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The Treasure of Saint Wandrille Abbey

The abbey of Rives-en-Seine, located in the Norman department of Seine-Maritime, was the scene of an incredible treasure hunt in 1954. Orchestrated by Father Dom Donaint, a scouting game turned into a real quest and revealed one of the greatest abbey treasures of the 20th century: the one called Saint Wandrille.

The Fontenelle Abbey of Saint Wandrille

Founded in the 7th century by the priest Wandrille and intended to host a community of monks from the Solesmes congregation, the Fontenelle Abbey of Saint Wandrille is considered as one of the first Benedictine abbeys in Normandy. Great abbots have followed one another in this majestic and magical place, located in the Seine river loops, about 35 km away from Rouen. It is still inhabited today by monks.

abbey saint wandrille
©flickr by Antonio Ponte

The discovery of the treasure of Saint Wandrille Abbey

On 11th March 1954, the Cub Scouts of the former municipality of Saint Wandrille gathered on the site, as per every Sunday. On that same day, the priest Dom Donaint had organized a gigantic wild treasure hunt on the theme of flowers.

The children, aged 12 or 13, had a great time. So much so that one of them, Jean-Pierre Mazé, suggested to the others to seek out a real treasure. The idea came to him when he came across a hole in the fence wall, a space that delineated the daily life and the activities of the monks. The hole did not contain anything interesting but a few hazelnuts, which certainly belonged to field mice.

Jean-Pierre and his friends did not give up. They walked along the fence, observing each stone until they reached the Saint-Saturnin chapel. They went around it and checked the wall on the other side. Suddenly, Jean-Pierre saw a stone a little different from the others, carved with a mysterious sign. The children couldn’t believe it! Jacques Blot, one of them, started to unseal it and found, at the bottom of the hole, a terracotta urn. About twenty centimeters high, the urn was covered with a lead sheet and contained gold coins. The apprentice researchers rushed to inform Father Donaint and continued their excavation. A few meters away from the first discovery, Pierre Lemousu and Daniel Blot discovered another drawing, hiding another clay pot, and then a third one!

Dozens of gold Louis d’or

The next day, a report was drawn up and the bailiff sequestered the treasure of Saint Wandrille Abbey five days upon discovery. The inventory showed 501 Louis XV coins, Louis d’or aux lunettes and Louis d’or au bandeau, similar to the emblematic coins of the Mouffetard treasure. The three pots contained exactly the same number of coins 167.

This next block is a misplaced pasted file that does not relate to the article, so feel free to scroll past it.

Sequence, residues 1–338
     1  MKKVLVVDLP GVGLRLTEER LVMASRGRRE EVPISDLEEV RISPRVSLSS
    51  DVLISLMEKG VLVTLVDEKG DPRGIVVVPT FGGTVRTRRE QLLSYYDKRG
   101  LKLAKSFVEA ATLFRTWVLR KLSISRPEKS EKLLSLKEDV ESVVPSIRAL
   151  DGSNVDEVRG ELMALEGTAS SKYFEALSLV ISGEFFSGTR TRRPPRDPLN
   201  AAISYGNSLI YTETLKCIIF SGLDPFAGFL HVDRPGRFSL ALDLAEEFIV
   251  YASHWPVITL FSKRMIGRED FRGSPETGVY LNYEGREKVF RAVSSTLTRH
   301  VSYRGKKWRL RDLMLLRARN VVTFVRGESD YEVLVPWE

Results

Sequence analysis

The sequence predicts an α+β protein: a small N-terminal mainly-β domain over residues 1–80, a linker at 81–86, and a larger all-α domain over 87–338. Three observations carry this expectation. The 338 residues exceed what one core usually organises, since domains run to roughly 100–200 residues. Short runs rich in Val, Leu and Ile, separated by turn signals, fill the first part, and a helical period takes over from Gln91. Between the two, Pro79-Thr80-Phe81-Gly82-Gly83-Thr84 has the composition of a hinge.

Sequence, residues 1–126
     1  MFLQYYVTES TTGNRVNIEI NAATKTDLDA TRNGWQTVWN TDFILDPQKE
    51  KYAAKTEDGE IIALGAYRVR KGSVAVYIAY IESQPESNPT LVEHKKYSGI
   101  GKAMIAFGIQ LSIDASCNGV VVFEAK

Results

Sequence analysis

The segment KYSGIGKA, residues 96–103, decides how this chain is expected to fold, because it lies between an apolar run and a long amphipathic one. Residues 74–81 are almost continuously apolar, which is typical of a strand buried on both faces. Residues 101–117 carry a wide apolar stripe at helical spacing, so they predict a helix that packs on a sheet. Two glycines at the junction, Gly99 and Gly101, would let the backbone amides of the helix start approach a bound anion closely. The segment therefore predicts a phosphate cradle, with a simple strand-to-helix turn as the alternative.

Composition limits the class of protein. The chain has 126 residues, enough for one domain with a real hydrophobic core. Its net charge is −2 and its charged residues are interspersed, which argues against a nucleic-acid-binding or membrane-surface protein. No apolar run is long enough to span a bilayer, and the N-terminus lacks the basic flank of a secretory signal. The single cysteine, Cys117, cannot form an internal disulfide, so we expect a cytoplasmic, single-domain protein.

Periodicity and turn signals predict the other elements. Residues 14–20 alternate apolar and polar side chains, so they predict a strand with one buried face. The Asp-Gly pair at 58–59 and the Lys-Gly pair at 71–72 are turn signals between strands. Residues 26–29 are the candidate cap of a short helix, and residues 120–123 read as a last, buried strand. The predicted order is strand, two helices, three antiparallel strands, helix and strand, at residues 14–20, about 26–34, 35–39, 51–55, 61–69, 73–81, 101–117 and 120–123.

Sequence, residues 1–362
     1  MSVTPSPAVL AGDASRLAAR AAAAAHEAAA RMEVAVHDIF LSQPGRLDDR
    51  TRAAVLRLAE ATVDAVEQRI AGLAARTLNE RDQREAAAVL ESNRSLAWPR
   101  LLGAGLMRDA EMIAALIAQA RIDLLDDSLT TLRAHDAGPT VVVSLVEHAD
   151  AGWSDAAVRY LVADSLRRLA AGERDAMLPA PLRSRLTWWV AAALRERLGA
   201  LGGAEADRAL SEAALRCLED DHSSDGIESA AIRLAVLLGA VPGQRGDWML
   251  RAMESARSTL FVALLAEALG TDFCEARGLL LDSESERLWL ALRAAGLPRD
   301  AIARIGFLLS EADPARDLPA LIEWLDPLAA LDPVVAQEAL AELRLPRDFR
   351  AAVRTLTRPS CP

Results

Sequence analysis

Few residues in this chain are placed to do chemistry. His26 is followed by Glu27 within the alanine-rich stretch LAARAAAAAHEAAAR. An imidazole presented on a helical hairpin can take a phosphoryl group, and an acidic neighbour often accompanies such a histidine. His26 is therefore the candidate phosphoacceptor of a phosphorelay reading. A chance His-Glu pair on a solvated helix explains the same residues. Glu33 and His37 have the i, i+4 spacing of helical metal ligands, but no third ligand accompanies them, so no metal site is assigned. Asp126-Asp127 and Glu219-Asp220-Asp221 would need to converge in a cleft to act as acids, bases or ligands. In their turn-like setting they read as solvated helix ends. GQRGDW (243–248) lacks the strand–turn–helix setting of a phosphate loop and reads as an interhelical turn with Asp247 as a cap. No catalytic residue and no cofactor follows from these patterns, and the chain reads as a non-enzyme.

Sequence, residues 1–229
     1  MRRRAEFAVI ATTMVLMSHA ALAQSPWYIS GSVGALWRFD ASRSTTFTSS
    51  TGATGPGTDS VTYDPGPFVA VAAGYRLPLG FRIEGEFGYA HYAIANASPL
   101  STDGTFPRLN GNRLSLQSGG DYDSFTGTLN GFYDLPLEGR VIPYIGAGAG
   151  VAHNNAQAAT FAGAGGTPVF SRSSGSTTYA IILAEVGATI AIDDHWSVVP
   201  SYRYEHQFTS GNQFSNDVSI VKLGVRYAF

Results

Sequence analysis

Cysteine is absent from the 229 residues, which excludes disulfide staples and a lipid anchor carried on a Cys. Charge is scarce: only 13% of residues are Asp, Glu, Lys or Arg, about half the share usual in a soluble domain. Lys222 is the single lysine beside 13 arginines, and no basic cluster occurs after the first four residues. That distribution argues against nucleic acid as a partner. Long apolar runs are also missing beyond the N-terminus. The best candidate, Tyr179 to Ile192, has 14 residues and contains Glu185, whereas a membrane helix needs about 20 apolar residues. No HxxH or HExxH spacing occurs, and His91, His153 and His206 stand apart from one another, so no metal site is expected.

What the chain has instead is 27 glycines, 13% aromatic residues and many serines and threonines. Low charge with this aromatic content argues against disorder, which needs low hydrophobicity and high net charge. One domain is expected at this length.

The treasure is divided in two. One share goes to the abbey, as the owner of the walls, and the other share is intended for the parents of the curious children. The sharing is defined as follows:

  • 231 Louis d’or aux lunettes and 19 Louis d’or au bandeau
  • 230 Louis d’or aux lunettes and 20 Louis d’or au bandeau

A draw was held on 17th October 1954 to split the lots.

The abbey decided to sell its share and to keep only one coin of each type. On 3rd March 1955, 304 Louis XV coins were offered for auction at the Salle Drouot (one of the parents joined the project). The auctioneer Maurice Rheims and the expert Emile Bourgey were in charge of the public sale. It was a real success, reaching the sum of 3 310 000 francs. Unfortunately or fortunately, the abbey’s outbuildings burned down four months later, so the money was used to restore them.

The mysterious treasure of Saint Wandrille Abbey

The story made all the press news. Many onlookers came to walk around the abbey of Saint Wandrille. Where does this treasure come from? Who buried it and why? The most recent piece dates back from 1748, so the loot has been hidden for more than two centuries. Nothing indicates the reasons for this hiding, the region being at peace at that time.

The treasures of Saint Wandrille were hidden under a stone outside the wall of the abbey, as if its rich owner was counting on the protection of the church. He had certainly marked the stones to return and collect them later. On one of them, a pointed circle had been drawn, a symbol of gold.

The legend continues. It’s even being said that Jean-Pierre had found a parchment under the first pot that indicated 28 hideouts, but we never knew what happened to this document.

A fourth clay pot was discovered in the 1980s, this time buried underground. A hole and a stone were found, but no trace remained of the pot neither of the researcher…

In 1996, Didier Audinot, the treasure specialist historian, wrote in his Manual of detection and treasure hunting (Manuel de détection et de chasse aux trésors): “later, in 1989 or 1990, more than thirty years after the discovery of the three pots, a wise prospector, whose name will never be known, spotted a fourth stone with a sign that had never been seen before (…). The hole made by this researcher in the 1980s is still visible: he left without filling it up.”

The mystery remains unsolved. Are there still 24 other treasures to be discovered at Saint Wandrille?

Sources :
Trésors, légendes et réalités, Sabine Bourgey, 1996
Site web de Sabine Bourgey
Abbaye de Saint-Wandrille
La toile scoute
Le blog des chercheurs de trésors

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